Since conceivably every particular characteristic about man, for instance, could be broken in one unit or another, without omitting broken units, we would be unable to define “man” and thus retain the concept. Is man a rational animal? Some men are born without a rational faculty. Is man a thumb-possessing animal? Some men have no fingers at all. Is man an animal who walks on two legs? Some men can’t walk and have no legs. Without omitting the relevant broken units, our ability to conceptualize would be paralyzed.

It must be noted that broken units are not omitted in the same way measurements are. When we omit measurements, we do so on the premise that the measurements must exist in some quantity but may exist in any quantity.

When we omit broken units, what we are saying is, in effect, “An entity of this nature should have this characteristic, as determined by its goal(s) or intended purpose(s); those that don’t I will regard as non-essential unless I am dealing specifically with facts that follow from their lack of this characteristic.”

To fully understand the nature of broken units, let’s look at a complicated example.

“Man has two eyes and can see.” This is a true statement – man, by nature, does have two eyes and can see. In stating this truth, we omit the category of broken concepts that includes men who do not have eyes or who have eyes but are blind, because we have identified that man’s having eyes and his ability to see are proper for his survival qua man.

“Men should look both ways before they cross the street.” This is also true, but since it is a derivative of the fact of being able to see, it does not apply to the blind. So, for example, we would not pass a negative judgment on a blind man for crossing the street without looking, because he is a member of the class of broken units defined by their inability to see. Because he is blind he is not to be judged by this particular principle.

“Man has individual rights.” This is a true statement. Since rights are not derivative of the ability to see, whether or not one is a member of the class of broken units defined by their inability to see is irrelevant in this context.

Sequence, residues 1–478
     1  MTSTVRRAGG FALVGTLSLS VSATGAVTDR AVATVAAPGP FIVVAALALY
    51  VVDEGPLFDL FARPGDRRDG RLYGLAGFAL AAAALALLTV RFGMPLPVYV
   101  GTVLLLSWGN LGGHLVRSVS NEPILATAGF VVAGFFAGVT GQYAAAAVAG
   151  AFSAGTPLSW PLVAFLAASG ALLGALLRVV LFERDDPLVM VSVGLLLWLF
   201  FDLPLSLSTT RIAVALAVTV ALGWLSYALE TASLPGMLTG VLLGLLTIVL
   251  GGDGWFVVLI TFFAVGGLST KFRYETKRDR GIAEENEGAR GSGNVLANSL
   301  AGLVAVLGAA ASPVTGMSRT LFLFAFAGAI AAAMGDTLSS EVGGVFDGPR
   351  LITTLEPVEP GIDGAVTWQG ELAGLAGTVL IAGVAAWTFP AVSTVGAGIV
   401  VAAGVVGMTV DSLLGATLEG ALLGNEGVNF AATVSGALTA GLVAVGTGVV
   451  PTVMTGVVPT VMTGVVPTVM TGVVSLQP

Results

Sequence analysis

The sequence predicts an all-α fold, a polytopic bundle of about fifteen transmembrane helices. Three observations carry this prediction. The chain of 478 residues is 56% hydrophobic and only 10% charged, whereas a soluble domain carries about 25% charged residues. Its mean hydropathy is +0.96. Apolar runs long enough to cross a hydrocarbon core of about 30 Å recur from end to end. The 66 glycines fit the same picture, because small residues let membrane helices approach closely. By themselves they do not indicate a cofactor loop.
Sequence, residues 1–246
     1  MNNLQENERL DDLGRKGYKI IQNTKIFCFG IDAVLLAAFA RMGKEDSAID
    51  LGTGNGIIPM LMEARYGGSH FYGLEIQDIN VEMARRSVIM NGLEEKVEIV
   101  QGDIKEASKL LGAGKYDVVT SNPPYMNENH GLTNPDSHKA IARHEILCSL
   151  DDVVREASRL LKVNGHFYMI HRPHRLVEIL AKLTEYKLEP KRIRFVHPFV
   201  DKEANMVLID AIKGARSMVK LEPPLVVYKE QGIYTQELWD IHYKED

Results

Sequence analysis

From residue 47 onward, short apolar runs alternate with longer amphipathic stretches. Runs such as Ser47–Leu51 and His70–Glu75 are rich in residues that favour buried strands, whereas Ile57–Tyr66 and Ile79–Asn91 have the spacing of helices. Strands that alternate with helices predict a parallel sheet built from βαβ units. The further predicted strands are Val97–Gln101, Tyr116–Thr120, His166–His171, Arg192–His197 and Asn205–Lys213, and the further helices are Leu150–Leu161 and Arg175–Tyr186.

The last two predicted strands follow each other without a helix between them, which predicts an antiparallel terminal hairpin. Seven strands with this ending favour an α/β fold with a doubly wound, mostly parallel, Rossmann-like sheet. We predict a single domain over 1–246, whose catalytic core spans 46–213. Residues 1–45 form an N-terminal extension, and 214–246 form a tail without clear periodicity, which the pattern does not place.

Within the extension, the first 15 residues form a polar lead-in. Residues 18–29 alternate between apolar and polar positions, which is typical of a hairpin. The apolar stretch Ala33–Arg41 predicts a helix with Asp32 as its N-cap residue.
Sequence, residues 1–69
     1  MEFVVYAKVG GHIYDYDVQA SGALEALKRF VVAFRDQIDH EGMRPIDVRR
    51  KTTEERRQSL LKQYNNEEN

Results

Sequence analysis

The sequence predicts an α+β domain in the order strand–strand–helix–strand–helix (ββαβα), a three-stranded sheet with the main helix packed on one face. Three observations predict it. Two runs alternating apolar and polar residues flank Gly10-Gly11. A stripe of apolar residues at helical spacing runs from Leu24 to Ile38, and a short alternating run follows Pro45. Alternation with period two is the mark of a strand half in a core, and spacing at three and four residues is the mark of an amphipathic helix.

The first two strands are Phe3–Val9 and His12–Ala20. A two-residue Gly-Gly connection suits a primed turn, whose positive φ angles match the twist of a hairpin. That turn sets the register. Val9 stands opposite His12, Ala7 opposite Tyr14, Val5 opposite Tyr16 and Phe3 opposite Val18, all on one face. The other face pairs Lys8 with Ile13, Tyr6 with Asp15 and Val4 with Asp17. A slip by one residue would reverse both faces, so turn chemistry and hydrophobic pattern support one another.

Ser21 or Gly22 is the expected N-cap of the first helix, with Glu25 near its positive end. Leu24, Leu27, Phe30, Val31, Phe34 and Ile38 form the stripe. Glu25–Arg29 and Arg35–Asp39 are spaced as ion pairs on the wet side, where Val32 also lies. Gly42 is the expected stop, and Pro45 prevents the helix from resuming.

A broken unit, then, is a unit that lacks a characteristic shared by other units of the concept of which it is a member. A broken unit is to be regarded as a unit of the concept from which it is derived is because it should have the characteristic it lacks, as determined by its goals or purpose. Broken units are essential tools for conceptualization, because they allow us to omit contextually non-essential units which would otherwise wipe out the possibility of defining and conceptualizing facts about living organisms and man’s purposive creations.

*************************

[1] “Should”, in this context, is not meant to imply “choice” - rather it means, "proper, given its goal or purpose."

[2] It must be stressed that “broken” does not mean simply, “different from the norm.” The standard for what is or is not a broken unit is its relationship to the goal it is intended to serve, given its nature. For example, if all cars were black, and I painted my car white, that would not by itself make my car a broken unit – the color of a car is not relevant to the purpose it is intended to serve – although in some contexts it might be.

[3] In this sense, medicine is a science devoted to the study of broken units.

Share this post


Link to post
Share on other sites

It's interesting that in the new artificial language called "Lojban," a corpse is regarded as a human with the attribute "nonliving." Languages can validly do that--create grammatical structures which we know are not to be interpreted literally, but I think the Lojban people are actually trying to create a language that doesn't create such structures, so they've made a mistake there.

Share this post


Link to post
Share on other sites

PS A friend tell's me that there's no official Lojban rule on the word for corpse, and that there's another way to express it, which is hard to translate but is something like "a person who has completed their existence as a person."

Share this post


Link to post
Share on other sites
A great essay, Don!

Thanks.

I have one question, though: Since man should think, but some men choose not to think, would that make non-thinking people broken units of the concept "man" ?

I hadn't thought of that question. Offhand I would not, because when we speak of man's volitional elements, we have to deal with chosen purposes rather than unchosen goals. Since nothing in reality mandates that a man choose to think, we cannot properly regard a non-thinking man as a broken unit. Great question, though.

Share this post


Link to post
Share on other sites

That was a valuable essay. The concept “broken-unit” at first seemed foreign to my subconscious but as I read further, I was able to assimilate it. I can certainly use it as a guide in my future learning. And it could be very fruitful in polemics. The last line was beautiful.

Thanks. I think you may have prevented some agonizing questions for my next read of ITOE.

Americo.

Share this post


Link to post
Share on other sites
A great essay, Don!

I have one question, though: Since man should think, but some men choose not to think, would that make non-thinking people broken units of the concept "man" ?

Reality simply orders that man choose to either think or not think. Which he chooses is completely up to him. He is fully capable of living qua man. If he were somehow unable to choose either one because of a lack of some attribute/characteristic, then he would be "broken".